I have always believed in a little bit of magic, and I think this is an essential quality for a puppeteer. The belief that one can breathe life into an otherwise inanimate collection of foam and wood is, in my mind, a belief in magic.
Ever since those first finger puppet shows I made as a kid and performed in a shoebox theatre, I have been fascinated by this magic-making. An animation workshop at East 15 gave me my first taste of training in puppetry, and last weekend I had the chance to take the next step on my puppetry journey.
Gyre & Gimble, set up by War Horse puppetry directors Finn Caldwell and Toby Olie, recently ran a three-day September puppetry intensive focusing on using Bunraku-style puppets. It was a brilliantly insightful three days, and solidified my desire to develop my skills in this area. Day one kicked off with some introductions and games followed by basic animation with large sheets of brown paper, getting us used to enabling rather than imposing movement on the object we’re puppeteering. We then made some super basic puppets out of brown paper, with a bit of scrunching, some folding and a spot of sticky tape, and produced short sequences with each puppet performing an everyday task (such as making a cup of tea), working three people to a puppet. We discussed the key principles of puppetry, including breath, weight and focus, and in the afternoon worked with some white, fabric, rag doll-like puppets.
Day two saw us moving on to more advanced Bunraku-style puppets, including foam and wood human-form puppets, a cat prototype, a fox in a white suit (naturally) and a beautiful little old man puppet that was one of the first puppets Finn made. We worked in groups of four, with three people working the puppet and the other acting as an outside eye or director – when you’re working with a puppet like this it’s so important to have someone watch the work as you can’t see how it’s coming across. Looking at how puppets and actors interact on stage, we produced short scenes with our puppet and one of us acting alongside it. This actor is often called the ‘fourth puppeteer’ and plays an important role in making the audience believe in the life of the puppet, through his or her belief in and engagement with it. The day ended with a bit of making the puppets speak – getting the head movement right is quite a skill! – before we got into small groups and discussed stimulus material we’d brought in ahead of doing some serious devising the next day.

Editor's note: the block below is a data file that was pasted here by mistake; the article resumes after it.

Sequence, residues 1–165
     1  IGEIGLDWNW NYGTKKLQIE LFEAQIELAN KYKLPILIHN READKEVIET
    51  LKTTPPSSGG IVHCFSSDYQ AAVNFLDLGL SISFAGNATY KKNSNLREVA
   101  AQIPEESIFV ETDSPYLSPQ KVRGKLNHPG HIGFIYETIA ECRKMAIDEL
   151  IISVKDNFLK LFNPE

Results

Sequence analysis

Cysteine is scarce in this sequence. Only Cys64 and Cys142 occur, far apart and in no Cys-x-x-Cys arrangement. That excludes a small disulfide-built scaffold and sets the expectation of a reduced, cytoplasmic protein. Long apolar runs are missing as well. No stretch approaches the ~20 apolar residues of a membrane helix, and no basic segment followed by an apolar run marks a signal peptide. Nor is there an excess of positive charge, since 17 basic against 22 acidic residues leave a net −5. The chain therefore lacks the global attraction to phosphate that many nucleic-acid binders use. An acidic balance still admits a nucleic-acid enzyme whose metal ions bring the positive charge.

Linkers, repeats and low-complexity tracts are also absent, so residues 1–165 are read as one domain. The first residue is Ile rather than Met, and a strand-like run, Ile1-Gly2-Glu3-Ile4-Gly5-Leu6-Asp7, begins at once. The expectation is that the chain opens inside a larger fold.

The final day was spent mostly devising in our groups, with pointers and suggestions here and there from Finn as he went round the room watching us work. We ended up with a few extra members in our group, making six, which enabled us to use two puppets in our piece. Get in! We tried using music as well but it didn’t work so well with the piece as it all got a bit dramatic in the middle of the track, but it was worth trying.
I came away from the three days with such a buzz and a hunger for more. Thank you to Finn Caldwell and Gyre & Gimble, and to my fellow puppeteers in training for being such fun to work with. I have a feeling this is just the start of our puppetry journey together….